Holly Orsman-Smith and Alistair Smith wanted a family home they could show off to their friends. A look behind the scenes reveals their success. Their run down 1865 cottage is now a modern family home fit for an episode of MKR.
Splashed with white, given a stainless steel kitchen and pared back to its sandstone form, it has become a canvas for art, dinner parties and the pitter-patter of children’s feet.
“The house was in very poor condition when we moved in,” says Alistair. “We had leaking roofs, home style add-ons and the home had never been painted. There was also bad drainage and a slug problem to deal with!”
Yet this home project was just the right challenge for an inner-west power couple. She is the GM for a flashy catering company in the city and he is a Construction Manager for a trendy landscaping firm. They main build took them 12 months with a toddler and two full-time jobs.
“I then undertook the cleaning and repointing of the stone work. It was a labour of love, which took up many weekends of my time. The bathroom and kitchen were outside for a while which was interesting. Just ask the wife!” remembers Alistair.
Holly feels they were entirely up to the task with their careers prepping them for the challenge. “Our jobs by their nature mean that we are major, specific and detailed planners, that’s how we operate everything. We didn’t find it difficult, we just chased a lot,” says Holly.
Despite the tribulations, it was a necessary quest says Holly, to accommodate their peculiarly hectic lifestyle.
“We have very, very busy and complicated lives, we are in the service industry, it is very complex,” Holly explains. “Coming home to a very nice place with white walls is something that just both inspires both of us,” she says.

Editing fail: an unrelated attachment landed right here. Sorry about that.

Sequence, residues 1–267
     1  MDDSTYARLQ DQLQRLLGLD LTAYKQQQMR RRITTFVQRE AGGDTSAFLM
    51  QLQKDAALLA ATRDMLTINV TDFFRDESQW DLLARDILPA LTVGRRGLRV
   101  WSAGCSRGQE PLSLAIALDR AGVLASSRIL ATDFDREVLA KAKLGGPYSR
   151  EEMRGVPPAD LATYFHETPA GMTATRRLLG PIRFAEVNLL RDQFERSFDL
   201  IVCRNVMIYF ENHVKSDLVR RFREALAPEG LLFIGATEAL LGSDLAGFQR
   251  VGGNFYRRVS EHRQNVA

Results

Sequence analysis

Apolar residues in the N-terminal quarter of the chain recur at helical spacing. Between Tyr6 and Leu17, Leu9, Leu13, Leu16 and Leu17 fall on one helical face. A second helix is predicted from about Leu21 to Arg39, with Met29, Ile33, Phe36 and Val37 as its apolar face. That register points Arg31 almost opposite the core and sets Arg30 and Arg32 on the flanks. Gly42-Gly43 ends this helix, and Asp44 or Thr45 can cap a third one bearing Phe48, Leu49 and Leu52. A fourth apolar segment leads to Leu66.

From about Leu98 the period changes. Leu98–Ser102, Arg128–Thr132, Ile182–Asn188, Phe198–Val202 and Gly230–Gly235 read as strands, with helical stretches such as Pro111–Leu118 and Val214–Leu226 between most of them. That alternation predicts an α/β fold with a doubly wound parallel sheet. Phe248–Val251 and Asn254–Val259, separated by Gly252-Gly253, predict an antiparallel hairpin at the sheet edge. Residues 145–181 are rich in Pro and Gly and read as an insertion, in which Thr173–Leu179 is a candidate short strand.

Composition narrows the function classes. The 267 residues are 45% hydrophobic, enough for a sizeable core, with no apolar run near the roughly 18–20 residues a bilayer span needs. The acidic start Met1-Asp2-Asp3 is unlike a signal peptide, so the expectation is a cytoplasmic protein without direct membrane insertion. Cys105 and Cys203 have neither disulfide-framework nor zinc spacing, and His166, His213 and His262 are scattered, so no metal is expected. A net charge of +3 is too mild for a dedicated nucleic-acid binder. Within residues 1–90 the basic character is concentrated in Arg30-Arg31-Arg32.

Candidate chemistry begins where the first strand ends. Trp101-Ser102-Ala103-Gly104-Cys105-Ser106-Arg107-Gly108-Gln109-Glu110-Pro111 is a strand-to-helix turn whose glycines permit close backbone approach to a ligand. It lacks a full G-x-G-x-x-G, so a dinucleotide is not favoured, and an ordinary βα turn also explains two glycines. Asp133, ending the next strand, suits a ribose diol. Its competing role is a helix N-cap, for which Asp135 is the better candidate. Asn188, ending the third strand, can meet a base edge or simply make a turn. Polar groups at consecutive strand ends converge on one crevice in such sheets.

Punchy colour features against the white backdrop include timber beams recycled from Sydney wharves; a green wall with up to 750 plants and a limey yellow mosaic in the bathroom shower, “to add a bit of fun,” says Alistair.
The kitchen, says Holly, is key to understanding how they live because Alistair was a chef for 25 years.
“When you bring people into your home to break bread, it’s very important they’re able to see you and share in what you are doing,” she says. The same theory, she says works on their two children.
“They sit up on the bench and they watch when we cook. It is such a wonderfully shared space between our whole family,” Holly says.
While the home takes its inspiration from no one period, or no particular architect, it is rather a patchwork of the owner’s tastes and exposure to a life of travel.
“We’ve travelled the world extensively and we have lot of pieces of art from all over. People come here and say, ‘that piece of art is beautiful, where is that from?” and I say ‘it’s from the middle of the jungle in Bolivia’. So you can see, it was important to highlight our experiences and our journeys together,” Holly says.